How Are Pets Good for Your Health?

Learn about the positive health powers of pets

Pets are good for your health, according to studies.

Learn about the positive health powers of pets

When people foster or adopt a dog or a cat or another pet, they usually get more than what they bargained for — in the best way. Not only do they get the feel-good benefits of helping animals in need, they are also experiencing a positive health booster for themselves.

The link between pets and health is stronger than you might think — meaning a furry friend may be the key to a happier and healthier you.

“Having a pet can be good for your health,” says Anne Liu, MD, an internal medicine physician at Scripps Coastal Medical Center Carlsbad. “Pets offer companionship, unconditional love and more.”

“Pets help reduce stress and encourage exercise through daily walks play and social interactions,” says Dr. Liu. “They can help children grow up more secure and active. They can provide valuable companionship for older adults.”

A pet doesn't necessarily have to be a dog or a cat. A rabbit, fish or bird may a better fit for you if you're allergic to cats or dogs or have limited space at home.

Benefits of having pets

Studies have shown that having a pet in the home leads to several physical and mental health benefits. These include: 

  • Reduced stress levels 
  • Decreased blood pressure
  • Higher good cholesterol
  • Better heart health
  • Greater resistance to germs
  • Decreased feelings of loneliness
  • Increased opportunities for socialization

Some dog owners are volunteers who train their pets to become therapy dogs. Together they visit patients at hospitals or residents at nursing homes and provide comfort and support. Pet owners derive health benefits from helping people that way.

Pets and mental health

Research shows people managing anxiety or depression can significantly benefit from pet companionship. In some cases, the improvements can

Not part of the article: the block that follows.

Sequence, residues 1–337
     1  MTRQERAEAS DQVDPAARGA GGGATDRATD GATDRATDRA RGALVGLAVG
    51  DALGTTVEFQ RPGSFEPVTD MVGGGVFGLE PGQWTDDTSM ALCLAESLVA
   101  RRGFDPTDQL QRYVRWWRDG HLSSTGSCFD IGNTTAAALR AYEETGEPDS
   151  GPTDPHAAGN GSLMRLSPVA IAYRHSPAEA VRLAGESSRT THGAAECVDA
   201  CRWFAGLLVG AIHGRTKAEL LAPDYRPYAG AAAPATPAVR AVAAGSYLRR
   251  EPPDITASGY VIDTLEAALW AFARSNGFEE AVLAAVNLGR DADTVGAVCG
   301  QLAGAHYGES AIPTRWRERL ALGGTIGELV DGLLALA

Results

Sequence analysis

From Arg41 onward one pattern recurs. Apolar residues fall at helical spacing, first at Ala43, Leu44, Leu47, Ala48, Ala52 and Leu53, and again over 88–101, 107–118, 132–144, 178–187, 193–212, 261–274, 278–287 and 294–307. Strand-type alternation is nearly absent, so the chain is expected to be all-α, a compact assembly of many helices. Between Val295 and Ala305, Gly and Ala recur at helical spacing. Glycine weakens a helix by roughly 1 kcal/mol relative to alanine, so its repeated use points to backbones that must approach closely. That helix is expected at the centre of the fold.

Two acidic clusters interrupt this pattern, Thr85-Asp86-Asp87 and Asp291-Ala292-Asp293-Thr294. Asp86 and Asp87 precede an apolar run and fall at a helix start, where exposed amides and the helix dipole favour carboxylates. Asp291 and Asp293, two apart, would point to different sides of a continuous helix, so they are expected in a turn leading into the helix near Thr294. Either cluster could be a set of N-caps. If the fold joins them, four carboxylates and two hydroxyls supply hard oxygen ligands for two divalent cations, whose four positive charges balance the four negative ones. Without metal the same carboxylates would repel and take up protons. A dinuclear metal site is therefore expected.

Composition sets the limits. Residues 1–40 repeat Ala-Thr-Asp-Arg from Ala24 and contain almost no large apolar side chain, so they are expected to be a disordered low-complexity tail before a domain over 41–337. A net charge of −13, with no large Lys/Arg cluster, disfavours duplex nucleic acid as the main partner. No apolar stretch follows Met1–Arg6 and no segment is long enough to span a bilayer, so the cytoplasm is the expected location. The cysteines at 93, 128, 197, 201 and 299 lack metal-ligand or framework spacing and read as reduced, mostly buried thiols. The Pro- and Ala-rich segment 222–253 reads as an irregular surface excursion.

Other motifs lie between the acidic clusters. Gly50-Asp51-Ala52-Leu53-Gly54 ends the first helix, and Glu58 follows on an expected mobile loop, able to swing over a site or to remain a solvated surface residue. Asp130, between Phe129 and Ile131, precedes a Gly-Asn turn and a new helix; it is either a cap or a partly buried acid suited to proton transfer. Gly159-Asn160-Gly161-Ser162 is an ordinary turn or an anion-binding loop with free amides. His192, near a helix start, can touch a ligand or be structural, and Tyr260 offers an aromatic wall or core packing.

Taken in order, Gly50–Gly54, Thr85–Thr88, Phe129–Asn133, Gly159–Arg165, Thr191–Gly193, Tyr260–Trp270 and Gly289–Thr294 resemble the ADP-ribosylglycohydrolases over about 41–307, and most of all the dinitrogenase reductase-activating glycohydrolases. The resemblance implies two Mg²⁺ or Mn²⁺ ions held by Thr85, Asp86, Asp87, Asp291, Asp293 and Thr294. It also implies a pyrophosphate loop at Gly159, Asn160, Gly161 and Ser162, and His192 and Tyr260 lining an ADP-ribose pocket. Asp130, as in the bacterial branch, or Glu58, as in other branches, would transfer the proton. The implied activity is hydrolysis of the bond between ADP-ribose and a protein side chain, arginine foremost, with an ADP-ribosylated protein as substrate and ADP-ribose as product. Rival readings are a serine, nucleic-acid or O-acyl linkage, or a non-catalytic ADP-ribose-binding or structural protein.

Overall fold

be dramatic. 

“Normal, day-to-day activities that at one time seemed daunting to them will then seem much more manageable when they have a pet in their life,” Dr. Liu says. “Companion animals can be life changing.”

Pets require active and emotional energy that inspires engagement and involvement in life. For instance, pets encourage us to go outside and get more exercise. Studies have also shown that pets help us get to know more people and connect with others — creating friendships and social support networks.

How pets boost the immune system

Studies show that when kids are exposed to cats and dogs at a young age, they are less likely to develop allergies. The theory is that kids are exposed to whatever the dog walks on, licks, sniffs and explores at an early age and that helps build their immunity.

Pets may not be for everyone

While pets can help you feel better mentally and physically, they are not for everyone. Some people are allergic to certain animals and should not have them in their homes.

Chances are small, but you can get certain illnesses from pets. These are known as zoonotic illnesses and are caused by germs, such as viruses, bacteria and fungi.

“The key is keeping your pet healthy, making sure they get regular checkups and washing your hands after playing with, feeding or cleaning up after your pet,” Dr. Liu says.

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